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Mourning Labor Leaders Warn: ‘We Must Build a Better World’

New York, NY – Sara Nelson, president of the Association of Flight Attendants-CWA, AFL-CIO, joined National Nurses United President Jean Ross, RWDSU President Stuart Appelbaum and frontline workers for the Jewish Labor Committee’s national day of mourning held July 28.

Association of Flight Attendants President Sara Nelson.

“The coronavirus was real for the people that I represent before it was on the frontline page headline news,” Nelson said during last Tuesday’s event honoring all the essential workers that have died during the coronavirus pandemic.

“Flight attendants are on the front lines for all communicable diseases and our members that flew to China and East Asia were already on alert in early January,” Nelson said.

Just last month, a flight attendant from Hawaiian Airlines died during a training course last week. 

“It’s easy to get lost in the numbers,” Nelson said. “There are more than 4.3 million confirmed cases in the United States. There have been 150,000 deaths. There have been five straight days of 1,000 deaths. Because of the nature of this pandemic, there have been few opportunities to mourn those that we have lost.”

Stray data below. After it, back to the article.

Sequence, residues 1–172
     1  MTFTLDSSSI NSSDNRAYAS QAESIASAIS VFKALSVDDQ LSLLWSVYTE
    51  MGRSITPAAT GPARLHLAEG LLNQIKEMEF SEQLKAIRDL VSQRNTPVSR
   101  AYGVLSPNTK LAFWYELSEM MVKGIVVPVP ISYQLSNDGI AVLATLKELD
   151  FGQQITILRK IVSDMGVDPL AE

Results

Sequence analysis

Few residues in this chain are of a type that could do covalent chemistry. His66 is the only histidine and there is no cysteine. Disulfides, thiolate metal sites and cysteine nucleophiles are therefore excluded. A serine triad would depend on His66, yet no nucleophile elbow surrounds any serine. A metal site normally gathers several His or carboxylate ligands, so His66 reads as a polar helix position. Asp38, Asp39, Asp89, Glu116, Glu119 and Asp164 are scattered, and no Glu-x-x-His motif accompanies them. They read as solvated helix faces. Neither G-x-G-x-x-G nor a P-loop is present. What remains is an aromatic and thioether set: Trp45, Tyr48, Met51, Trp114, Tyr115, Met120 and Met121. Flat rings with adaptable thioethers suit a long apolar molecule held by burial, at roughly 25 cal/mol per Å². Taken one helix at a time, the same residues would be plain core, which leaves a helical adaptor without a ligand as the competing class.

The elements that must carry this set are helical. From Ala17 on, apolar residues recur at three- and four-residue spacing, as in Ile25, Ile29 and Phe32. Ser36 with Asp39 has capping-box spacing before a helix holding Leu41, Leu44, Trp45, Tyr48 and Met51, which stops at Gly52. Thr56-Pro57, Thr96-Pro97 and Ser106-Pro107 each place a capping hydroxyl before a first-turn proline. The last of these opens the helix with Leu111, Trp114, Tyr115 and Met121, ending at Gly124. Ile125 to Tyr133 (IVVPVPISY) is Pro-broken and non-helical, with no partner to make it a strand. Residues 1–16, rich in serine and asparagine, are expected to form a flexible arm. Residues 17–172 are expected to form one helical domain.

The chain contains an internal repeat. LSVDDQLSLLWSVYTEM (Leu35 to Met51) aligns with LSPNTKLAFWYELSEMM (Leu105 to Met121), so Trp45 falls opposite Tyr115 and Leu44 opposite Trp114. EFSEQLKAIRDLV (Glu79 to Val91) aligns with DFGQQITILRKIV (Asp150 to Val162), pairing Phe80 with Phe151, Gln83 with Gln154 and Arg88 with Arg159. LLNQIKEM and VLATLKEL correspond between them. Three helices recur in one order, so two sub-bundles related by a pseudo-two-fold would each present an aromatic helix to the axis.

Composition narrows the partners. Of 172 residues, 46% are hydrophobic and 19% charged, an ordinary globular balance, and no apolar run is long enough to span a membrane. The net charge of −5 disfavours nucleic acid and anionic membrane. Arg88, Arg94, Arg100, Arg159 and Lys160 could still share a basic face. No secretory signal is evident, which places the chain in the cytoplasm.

Last Tuesday, wasn’t only a day of Tisha B’Av, a day to reflect on the destruction of a holy temple in Jerusalem, according to Rabbi Barbara Penzer, representing the JLC. It was also a day to honor the sometimes “invisible” frontline workers who became “essential” overnight.

“Today in the spirit of Tisha B’Av, the Jewish Labor Committee mourns the losses of those on the frontlines,” Rabbi Penzer said. “To the nurses, doctors, caregivers and EMTS who did all they could to stop the pandemic, to treat the sick and to protect the vulnerable.”

National Nurses United President Jean Ross.

Factory workers, transportation workers and farm workers who may not have been deemed as valuable were equally worthy of being seen as essential to keeping this country running and worthy to be mourned too, Penzer continued.